RV loan process - signing a POA before getting the funds

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Imagine4ever

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Sep 9, 2018
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My husband and I were looking for an RV (our third) for about 10 months and three weeks ago found the perfect RV, year, mileage, floor plan, all the upgrades, etc., a 2016 Fleetwood Bounder LX 33C, pre-owned.

I immediately shopped for an RV loan and Southeast Financial came back with the best rate and term, so submitted the application and got approved.
SEF wanted our IDs and NADA price and required a RV Inspection, which we wanted to do anyway. No one buys an RV new or pre-owned without a thorough inspection.

Anyway, I was wondering where my loan packet was, they supposed to email it to me. Come to find out that they want the private seller to send them a copy of the title (no lien) and sign a POA to allow SEF to change the title or certificate of ownership, before they release the funds. This is what SEF requires, I requested to see their RV loan practices/policies. Needless to say, seller is not comfortable with that nor am I and we like to for SEF to use an escrow service.

I am reaching out to the community to see if this is a standard process when it concerns a private seller or if anyone experienced a similar process or can advise how to handle this so we can fund the loan.

Thank you all in advance.
Peggy
 

Larry N.

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That sounds rather dangerous. I'd find someone else to finance, were it me. A power of attorney to change the title would seem to me to take away  many legal protections.
 

Jkoht

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Can you explain what a POA is? All I'm thinking is power of attorney which I don't understand what that would do. I just bought my used camper and my bank needed to see a copy of the title just to verify that it was indeed a "living trailer". All my seller did was email a cell phone pic of it to my loan officer. My guess is that they wanted to be sure the trailer was an actual physical thing and that I wasn't just taking money out on a spoken promise.
 

Gary RV_Wizard

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This is standard practice, so I'm not sure why so many are alarmed. The same thing happens when you buy at a dealer or trade in a vehicle, but it's not as obvious because it appears to happen all at once (it does NOT!).  Of course the lendor won't release funds with getting a title in exchange - he needs assurance there is actually an RV in the deal.  The POA (which should be limited to the title transfer) is a means of doing the transfer without requiring the seller to sign the title ahead of time.  The transaction should also have a formal bill-of-sale that prtects the seller and buyer legally while the funds and title are being exchanged.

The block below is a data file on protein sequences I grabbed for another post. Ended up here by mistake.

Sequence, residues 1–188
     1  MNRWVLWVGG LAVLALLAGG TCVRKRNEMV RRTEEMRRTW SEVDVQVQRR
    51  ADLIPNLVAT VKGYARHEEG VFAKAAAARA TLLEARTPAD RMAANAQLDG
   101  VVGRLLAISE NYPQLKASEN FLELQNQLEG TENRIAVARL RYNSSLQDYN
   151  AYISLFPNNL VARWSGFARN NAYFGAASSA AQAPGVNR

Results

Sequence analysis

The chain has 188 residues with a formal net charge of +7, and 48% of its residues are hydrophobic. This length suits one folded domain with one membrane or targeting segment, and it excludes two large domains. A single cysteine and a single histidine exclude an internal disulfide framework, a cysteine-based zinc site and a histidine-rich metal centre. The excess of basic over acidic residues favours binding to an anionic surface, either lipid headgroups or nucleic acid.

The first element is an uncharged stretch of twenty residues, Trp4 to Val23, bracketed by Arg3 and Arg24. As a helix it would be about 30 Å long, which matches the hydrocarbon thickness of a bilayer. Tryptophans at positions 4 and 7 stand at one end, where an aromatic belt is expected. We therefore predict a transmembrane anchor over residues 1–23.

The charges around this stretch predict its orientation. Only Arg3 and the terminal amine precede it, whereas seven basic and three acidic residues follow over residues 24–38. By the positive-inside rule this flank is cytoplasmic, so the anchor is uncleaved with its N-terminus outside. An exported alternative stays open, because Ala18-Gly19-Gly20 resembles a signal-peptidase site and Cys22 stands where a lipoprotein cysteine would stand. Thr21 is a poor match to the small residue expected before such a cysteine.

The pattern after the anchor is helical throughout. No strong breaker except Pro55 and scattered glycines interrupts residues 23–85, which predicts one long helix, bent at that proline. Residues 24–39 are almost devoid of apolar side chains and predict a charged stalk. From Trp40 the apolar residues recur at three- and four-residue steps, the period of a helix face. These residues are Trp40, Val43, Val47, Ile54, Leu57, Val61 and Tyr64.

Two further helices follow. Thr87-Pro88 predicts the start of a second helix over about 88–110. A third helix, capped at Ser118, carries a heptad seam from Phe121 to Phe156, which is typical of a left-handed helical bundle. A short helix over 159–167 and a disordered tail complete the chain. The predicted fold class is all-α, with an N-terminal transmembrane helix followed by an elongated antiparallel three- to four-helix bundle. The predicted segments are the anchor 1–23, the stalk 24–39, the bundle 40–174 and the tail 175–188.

The ideal way to do this is via an escrow service, but it still boils down to having faith in the business process. Afterall, the escrow service could be a cheat too.
 

darsben

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Central NY in summer beautiful Casa Grande AZ in w
Gary RV_Wizard said:
This is standard practice, so I'm not sure why so many are alarmed. The same thing happens when you buy at a dealer or trade in a vehicle, but it's not as obvious because it appears to happen all at once (it does NOT!).  Of course the lendor won't release funds with getting a title in exchange - he needs assurance there is actually an RV in the deal.  The POA (which should be limited to the title transfer) is a means of doing the transfer without requiring the seller to sign the title ahead of time.  The transaction should also have a formal bill-of-sale that prtects the seller and buyer legally while the funds and title are being exchanged.


The ideal way to do this is via an escrow service, but it still boils down to having faith in the business process. Afterall, the escrow service could be a cheat too.

I guess it boils down to doing business with a an institution you are familiar with.  I have never had to do this. Of course it has been a few years since I financed anything, but I always remember getting a check from my bank and giving it to the seller. I bank with a small bank where you still speak to the book keeper and if you go in the bank often enough they remember you.  Times they are a changing!
 

Isaac-1

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SW Louisiana
I financed my current coach through a local bank and they gave me a cashiers check to pay the private seller. Of course I have a substantial relationship with the bank so that may make a difference.
 

KandT

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When I sold my last RV, I had to take a pic of the title.  No big deal. 

I am not sure what is "Standard".  Oh and I think I had to sign a purchase order agreement saying I was intending to sell the RV for "X" dollars.

Not a deal at all.
 

Gary RV_Wizard

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What is "standard" is to exchange the title for the cash. What is not-so-standard is the procedure for doing that, including the time it takes.    If the lendor asks that the seller hand over a signed total or a POA authorizing the transfer, and says when I get it I'll send the money at some time in the future, folks naturally get antsy.  We've all had an experience where the company fumbles the ball, or simply marches to their own drummer and both seller and borrower can be left hanging, with unexpected delays and a stiff-arm from the bureaucrats at RV Loans Inc.
 

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